• Family benefits: “Having comprehensive family benefits – fertility, infertility, pregnancy, maternity and parenting benefits – can make one company stand out from the rest,” said Wallace.
  • Lifestyle support: With a quarter of millennials in debt, this group is looking for student loan repayment programs, financial assistance and fitness discounts. “Flexible scheduling can also be a make-or-break benefit for young millennials,” adds Wallace.

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Proactive policy changes HR should make: 3 key rulings

HR pros know it better than anyone: Courts are always issuing conflicting employment law opinions, which can make compliance an uphill battle. 

But three recent court rulings addressing major HR issues have bigger implications than just another differing opinion thrown into the mix.

Changes to consider now

These court decisions could influence the employment law landscape in the near future, according to Louis Lessig, partner at Brown & Connery LLP.

Lessig suggests employers consider policy changes now to stay safe and ward off potential legal trouble.

Here’s a breakdown of the three rulings and how employers might proactively respond to them:

1. In Minarsky v. Susquehanna County, the Third Circuit ruled a worker’s failure to report sexual harassment didn’t let the employer off the hook.
Sheri Minarsky claimed her supervisor made sexual advances toward her for years. She never reported it because she feared losing her job. The company argued since she never reported the harassment, they couldn’t have known to stop it.

But two other workers previously reported the supervisor for harassment, and the company had only given him verbal warnings.

The court ruled Minarsky’s fears preventing her from reporting the behavior were valid. Since the company already knew about the supervisor’s history and hadn’t done much, it wasn’t unreasonable for Minarsky to be hesitant to complain about the behavior, the court said.

Lessig says this is a crucial ruling, because it shows ignorace of harassment isn’t a solid defense for employers anymore. To avoid surprise harassment lawsuits, Lessig suggests companies implement civility and bystander intervention training.

2. In Stephens v. R.G. & G.R. Harris Funeral Homes, the Sixth Circuit said discriminating against a worker because they’re transgender is sex discrimination.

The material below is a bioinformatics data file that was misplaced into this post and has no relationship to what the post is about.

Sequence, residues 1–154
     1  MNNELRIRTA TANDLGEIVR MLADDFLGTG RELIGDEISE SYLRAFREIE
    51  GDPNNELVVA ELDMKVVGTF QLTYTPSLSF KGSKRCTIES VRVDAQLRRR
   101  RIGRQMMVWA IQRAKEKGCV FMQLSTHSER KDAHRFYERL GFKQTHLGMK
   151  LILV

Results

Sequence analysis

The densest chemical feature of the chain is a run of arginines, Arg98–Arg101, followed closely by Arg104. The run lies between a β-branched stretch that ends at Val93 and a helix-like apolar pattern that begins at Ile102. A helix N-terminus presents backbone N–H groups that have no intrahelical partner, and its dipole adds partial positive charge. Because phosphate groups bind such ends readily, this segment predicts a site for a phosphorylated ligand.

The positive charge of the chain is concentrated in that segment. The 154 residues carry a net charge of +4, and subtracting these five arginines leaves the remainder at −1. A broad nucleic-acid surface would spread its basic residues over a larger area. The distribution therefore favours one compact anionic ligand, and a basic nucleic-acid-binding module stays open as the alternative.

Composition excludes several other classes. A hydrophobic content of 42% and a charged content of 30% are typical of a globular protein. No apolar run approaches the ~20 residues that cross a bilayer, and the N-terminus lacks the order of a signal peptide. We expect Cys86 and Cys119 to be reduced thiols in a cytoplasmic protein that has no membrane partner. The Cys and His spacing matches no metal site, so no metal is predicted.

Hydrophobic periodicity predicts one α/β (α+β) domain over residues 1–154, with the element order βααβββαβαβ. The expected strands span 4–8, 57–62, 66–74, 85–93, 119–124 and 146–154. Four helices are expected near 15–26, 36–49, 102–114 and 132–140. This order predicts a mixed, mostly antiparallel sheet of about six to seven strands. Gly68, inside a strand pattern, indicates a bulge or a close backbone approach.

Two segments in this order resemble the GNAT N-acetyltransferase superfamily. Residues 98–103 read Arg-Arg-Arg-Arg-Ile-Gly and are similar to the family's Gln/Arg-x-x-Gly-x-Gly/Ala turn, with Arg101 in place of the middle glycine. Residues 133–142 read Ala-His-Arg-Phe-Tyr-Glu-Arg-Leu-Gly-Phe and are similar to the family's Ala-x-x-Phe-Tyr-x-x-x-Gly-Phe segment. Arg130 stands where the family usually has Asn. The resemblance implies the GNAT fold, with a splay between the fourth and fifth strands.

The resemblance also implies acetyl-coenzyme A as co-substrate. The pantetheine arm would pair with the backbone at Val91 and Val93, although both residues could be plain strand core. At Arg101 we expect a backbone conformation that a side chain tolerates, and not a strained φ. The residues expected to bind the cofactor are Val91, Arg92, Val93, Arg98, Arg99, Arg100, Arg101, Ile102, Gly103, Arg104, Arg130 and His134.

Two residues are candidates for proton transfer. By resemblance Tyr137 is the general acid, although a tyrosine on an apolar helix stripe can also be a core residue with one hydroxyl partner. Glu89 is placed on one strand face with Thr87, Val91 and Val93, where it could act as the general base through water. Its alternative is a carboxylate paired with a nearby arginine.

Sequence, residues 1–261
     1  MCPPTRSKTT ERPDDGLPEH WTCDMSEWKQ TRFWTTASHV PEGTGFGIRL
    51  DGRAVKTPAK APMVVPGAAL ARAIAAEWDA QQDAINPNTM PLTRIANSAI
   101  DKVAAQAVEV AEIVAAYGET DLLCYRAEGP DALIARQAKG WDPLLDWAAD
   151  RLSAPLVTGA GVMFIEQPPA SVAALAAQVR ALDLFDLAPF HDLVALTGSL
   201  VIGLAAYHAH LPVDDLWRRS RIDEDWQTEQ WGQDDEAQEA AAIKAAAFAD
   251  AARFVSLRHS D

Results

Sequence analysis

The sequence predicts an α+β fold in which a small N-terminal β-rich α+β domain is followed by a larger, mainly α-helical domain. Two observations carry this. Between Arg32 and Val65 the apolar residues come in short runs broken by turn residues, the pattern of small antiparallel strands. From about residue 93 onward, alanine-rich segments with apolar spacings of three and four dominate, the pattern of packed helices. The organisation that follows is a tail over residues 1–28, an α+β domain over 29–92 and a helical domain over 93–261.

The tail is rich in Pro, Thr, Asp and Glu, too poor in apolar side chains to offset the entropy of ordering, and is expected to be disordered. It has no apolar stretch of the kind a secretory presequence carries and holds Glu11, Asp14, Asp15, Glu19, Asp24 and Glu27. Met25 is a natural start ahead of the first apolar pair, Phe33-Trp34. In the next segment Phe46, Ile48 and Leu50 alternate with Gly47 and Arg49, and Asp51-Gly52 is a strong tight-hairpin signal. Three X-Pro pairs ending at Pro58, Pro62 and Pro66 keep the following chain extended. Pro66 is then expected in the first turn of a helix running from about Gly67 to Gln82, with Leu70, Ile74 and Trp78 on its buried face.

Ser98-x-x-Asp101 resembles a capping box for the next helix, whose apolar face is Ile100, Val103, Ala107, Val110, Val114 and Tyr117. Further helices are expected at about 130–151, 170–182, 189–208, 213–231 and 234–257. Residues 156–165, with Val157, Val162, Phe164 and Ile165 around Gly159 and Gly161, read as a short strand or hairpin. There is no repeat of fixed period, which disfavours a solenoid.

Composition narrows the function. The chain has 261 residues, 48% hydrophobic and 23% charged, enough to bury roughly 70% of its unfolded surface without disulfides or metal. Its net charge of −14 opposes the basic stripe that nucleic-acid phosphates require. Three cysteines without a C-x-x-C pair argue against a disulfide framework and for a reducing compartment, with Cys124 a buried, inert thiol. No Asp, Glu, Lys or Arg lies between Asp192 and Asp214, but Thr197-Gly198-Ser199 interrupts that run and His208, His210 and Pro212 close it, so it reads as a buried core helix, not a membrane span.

When Aimee Stephens told her employer she was transitioning to a woman, Stephens was fired.

Since discrimination against LGBTQ employees isn’t strictly prohibited by the Civil Rights Act, other circuit courts have ruled cases like this aren’t sex discrimination.

But, the Sixth Circuit said it’s “impossible to fire a transgender person without it being motivated, at least in part, by the employee’s sex.”

To stay safe, Lessig suggests remaining vigilant for any harassment or discrimination against LGBTQ workers, and to draft policies offering them protections.

3. In Noffsinger v. SSC Niantic Operating Company, a Connecticut district court said federal law doesn’t always allow employers to reject applicants using medical marijuana.

Katelin Noffsinger was offered a job with Niantic, conditional on passing a drug test. She disclosed she took legal medical marijuana to treat her PTSD.

But upon failing the drug test, the job offer was rescinded.

The company cited federal law and its zero-tolerance drug policy, but the court said that wasn’t enough to outright reject Noffsinger, who was using legal medical marijuana outside of the workplace.

Lessig says medical marijuana is a very complicated legal issue. But, he advises employers not to have zero-tolerance drug policies and to always take state laws into consideration.

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Get remote workers back in the office: 4 ways to convince them

With the productivity and morale benefits of working from home, more companies are offering some kind of telecommuting options for their employees. 

But while technology makes remote working just as effective as coming into the office, a lot of employers would prefer seeing staff at their desks more than not.

Replicating home benefits

Instead of altering telecommuting policies or taking them away completely, a better strategy is convincing employees to willingly come into work.

And how do you do that?

Inc.com contributor Geoffrey James has a few ideas that’ll entice workers by replicating in the office the benefits they enjoy at home.

1. Deal with the problematic employees. One of the major benefits of working from home is not having to deal with the bullies and whiny co-workers of the office. Employees would be much more likely to come into the office if they only had to interact with their pleasant colleagues. Identify the unpopular co-workers and have a talk with them about their behavior.

2. Keep meetings short. Telecommuting employees love avoiding long, boring meetings. At home, they can keep tabs on what’s going on while still working on something else. To entice people into the office, keep meetings as brief and infrequent as possible. Always have an agenda and avoid PowerPoint at all costs!

3. Give workers flex time. While working from home, employees can easily run an errand or go to a mid-day doctor’s appointment. Imitate this in the office by encouraging workers to run out for a bit if they have to. Flex time at work will give staff the same sense of freedom they enjoy at home.

4. Make the office comfortable and efficient. A lot of employees despise open office plans, since there’s nowhere to find some quiet or escape annoying co-workers. Give employees a designated private area for individual work, and the open office can be for collaboration.

It’s a good idea to get some good desk chairs for everyone, too. The couch at home might not have so much appeal if employees had a comfortable new chair to sit in at work. Another great, easy perk to offer that will entice people to come into work: Free, delicious coffee.